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Book Review: The Ripple Effect by J.A. Saare

Written by: Beth Woodward, CC2K Books Editor


I’m having a hard time figuring out how to write this particular review.

As a reader and fellow writer, I have to admire Saare’s willingness to take risks with her story and her characters.  Saare’s a brave writer, willing to take her books to new and dangerous territories.  On the other hand, as a fan of the Rhiannon’s Law series who has become quite emotionally invested in the characters…I’m a little bit heartbroken.

I’m going to tag this review with SPOILERS if you haven’t read the first two books in the series.

The description, courtesy of the Mundania Press website:

There is always a price to pay…

Rhiannon Murphy visited the future, witnessed hell on earth and made choices to change things for the greater good. Unfortunately there are consequences for her actions, the penalties for her interference possibly more than she can bear. Determined to sever her debt with a fallen angel, she pushes everything aside, focusing on locating Marigold Vesta’s resting place.

Until death comes knocking at her door.

When Disco’s maker arrives in New York, he resents Rhiannon on a level she can’t begin to comprehend. Yet Marius isn’t her most dangerous adversary, not by a long shot. Marius’s sire — a half-demon — is determined to see the necromancer who stunned the vampire world on her knees. If she won’t bend, he’ll do everything in his power to make her break. No price is too high, meaning no one is safe — including Disco and Paine.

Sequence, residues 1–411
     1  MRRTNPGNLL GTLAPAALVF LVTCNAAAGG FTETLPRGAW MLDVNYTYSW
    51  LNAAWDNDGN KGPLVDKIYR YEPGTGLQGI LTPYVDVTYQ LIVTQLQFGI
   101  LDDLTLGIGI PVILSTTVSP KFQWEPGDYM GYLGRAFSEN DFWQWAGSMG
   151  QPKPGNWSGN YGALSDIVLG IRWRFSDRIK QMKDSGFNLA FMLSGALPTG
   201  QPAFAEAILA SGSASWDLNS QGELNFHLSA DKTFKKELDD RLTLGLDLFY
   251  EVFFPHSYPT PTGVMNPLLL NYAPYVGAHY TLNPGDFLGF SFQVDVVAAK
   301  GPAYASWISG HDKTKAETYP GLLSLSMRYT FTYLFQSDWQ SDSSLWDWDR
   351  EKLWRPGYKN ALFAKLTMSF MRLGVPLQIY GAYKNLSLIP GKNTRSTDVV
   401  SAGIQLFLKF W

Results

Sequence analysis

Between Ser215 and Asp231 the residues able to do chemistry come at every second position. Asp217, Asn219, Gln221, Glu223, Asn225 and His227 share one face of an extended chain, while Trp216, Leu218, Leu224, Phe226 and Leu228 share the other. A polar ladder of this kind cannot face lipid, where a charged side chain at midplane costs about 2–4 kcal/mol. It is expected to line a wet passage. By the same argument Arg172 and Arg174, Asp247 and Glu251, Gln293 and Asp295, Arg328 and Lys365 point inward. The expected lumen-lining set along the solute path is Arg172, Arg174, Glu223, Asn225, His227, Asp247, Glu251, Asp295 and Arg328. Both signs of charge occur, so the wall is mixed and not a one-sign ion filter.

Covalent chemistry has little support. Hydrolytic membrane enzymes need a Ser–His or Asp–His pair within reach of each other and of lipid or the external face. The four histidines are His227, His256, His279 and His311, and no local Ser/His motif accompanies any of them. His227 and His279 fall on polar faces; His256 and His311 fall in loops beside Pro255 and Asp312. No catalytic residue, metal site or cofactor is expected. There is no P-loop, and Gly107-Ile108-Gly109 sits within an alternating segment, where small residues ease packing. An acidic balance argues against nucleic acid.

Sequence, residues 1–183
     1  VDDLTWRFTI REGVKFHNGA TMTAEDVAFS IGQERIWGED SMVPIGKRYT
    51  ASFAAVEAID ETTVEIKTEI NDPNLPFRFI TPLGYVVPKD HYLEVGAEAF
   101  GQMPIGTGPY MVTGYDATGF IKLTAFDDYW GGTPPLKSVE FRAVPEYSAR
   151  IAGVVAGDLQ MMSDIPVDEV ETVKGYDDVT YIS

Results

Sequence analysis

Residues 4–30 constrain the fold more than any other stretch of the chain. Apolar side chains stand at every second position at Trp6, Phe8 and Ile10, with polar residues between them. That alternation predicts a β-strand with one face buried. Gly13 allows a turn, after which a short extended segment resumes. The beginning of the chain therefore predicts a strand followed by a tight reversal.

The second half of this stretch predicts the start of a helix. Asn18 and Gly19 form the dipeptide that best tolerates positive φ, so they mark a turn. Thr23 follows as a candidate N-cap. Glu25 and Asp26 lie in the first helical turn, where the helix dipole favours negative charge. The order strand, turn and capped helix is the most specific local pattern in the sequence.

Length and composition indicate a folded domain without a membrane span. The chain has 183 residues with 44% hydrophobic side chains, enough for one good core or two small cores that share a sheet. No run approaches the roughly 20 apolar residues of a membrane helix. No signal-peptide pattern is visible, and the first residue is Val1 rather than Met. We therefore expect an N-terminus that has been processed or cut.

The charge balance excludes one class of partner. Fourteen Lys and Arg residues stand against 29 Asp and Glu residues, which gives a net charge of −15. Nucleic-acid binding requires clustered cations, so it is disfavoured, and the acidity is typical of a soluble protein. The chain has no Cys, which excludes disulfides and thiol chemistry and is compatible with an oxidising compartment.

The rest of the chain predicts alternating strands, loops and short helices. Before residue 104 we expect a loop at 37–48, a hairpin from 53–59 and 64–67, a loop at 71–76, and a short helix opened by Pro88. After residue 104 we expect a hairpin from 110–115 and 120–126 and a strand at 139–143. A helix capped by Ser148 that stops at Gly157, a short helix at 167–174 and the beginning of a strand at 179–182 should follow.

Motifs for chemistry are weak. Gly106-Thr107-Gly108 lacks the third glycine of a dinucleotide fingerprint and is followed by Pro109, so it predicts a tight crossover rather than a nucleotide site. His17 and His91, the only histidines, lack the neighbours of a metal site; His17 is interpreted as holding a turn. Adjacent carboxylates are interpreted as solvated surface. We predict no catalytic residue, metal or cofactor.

Dealt a blow from which she can never recover, Rhiannon turns to the only person who can help her: the fallen angel who is relying on Rhiannon to save her soul. Bartering with a creature from Heaven is probably just as dangerous as starting a war with a demon from Hell, but with nothing to lose it’s no longer about life or death.

It’s about getting even.

Much of the urban fantasy being published currently borrows heavily from the romance genre.  Although the Rhiannon’s Law series features a prominent romantic plotline, it is definitely dark urban fantasy, taking its cues more from horror than romance.

Here’s the thing about romance: when you pick up a romance novel, it comes with a guarantee that the main characters will have their happily ever after.  Horror, on the other hand, comes with no such guarantees.

That’s where I’m conflicted.  On the one hand, I love that Saare’s writing in this series has been gutsy, bold…and realistic.  Too often, I think urban fantasy soft-pedals around its dark side.  When you’re in a world that deals with vampires, demons, werewolves, and other things that go bump in the night, there SHOULD be real risk, danger, and consequences involved.  Yet one of the side effects of the romanticizing of urban fantasy is that, too often, these creatures are portrayed as cuddly monsters instead of the creatures that go bump in the night that they once were.

On the other hand, a good writer makes you care about the characters.  So when the characters suffer the consequences of dealing with such darkness…you care.  You FEEL.  Saare takes her readers on a hell of a ride, one I won’t soon forget.  After last year’s The Renfield Syndrome, I didn’t think she could write a book that was more daring or more impactful.  Saare proved me wrong.

This is not an easy book to read.  But I think the Rhiannon’s Law series is a worthwhile one…even if it broke my heart a little this time around.